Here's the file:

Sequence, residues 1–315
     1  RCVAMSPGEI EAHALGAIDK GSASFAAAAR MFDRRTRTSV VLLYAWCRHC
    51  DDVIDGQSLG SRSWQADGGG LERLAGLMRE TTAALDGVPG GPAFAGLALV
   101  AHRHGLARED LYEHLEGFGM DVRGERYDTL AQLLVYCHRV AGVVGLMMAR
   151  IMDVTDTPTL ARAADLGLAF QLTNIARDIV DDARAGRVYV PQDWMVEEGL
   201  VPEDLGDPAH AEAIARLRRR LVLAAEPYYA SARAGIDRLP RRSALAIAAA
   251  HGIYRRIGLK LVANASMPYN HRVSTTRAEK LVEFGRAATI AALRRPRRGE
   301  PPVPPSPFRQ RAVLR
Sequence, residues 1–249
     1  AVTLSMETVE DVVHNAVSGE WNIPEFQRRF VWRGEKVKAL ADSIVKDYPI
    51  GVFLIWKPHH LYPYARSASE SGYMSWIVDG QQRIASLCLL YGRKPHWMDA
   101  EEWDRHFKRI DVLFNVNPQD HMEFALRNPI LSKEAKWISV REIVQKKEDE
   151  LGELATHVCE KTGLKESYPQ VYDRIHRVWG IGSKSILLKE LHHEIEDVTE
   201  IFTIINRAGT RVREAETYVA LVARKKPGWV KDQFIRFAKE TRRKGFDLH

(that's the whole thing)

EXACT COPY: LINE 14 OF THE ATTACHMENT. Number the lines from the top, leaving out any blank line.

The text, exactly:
   201  IFTIINRAGT RVREAETYVA LVARKKPGWV KDQFIRFAKE TRRKGFDLH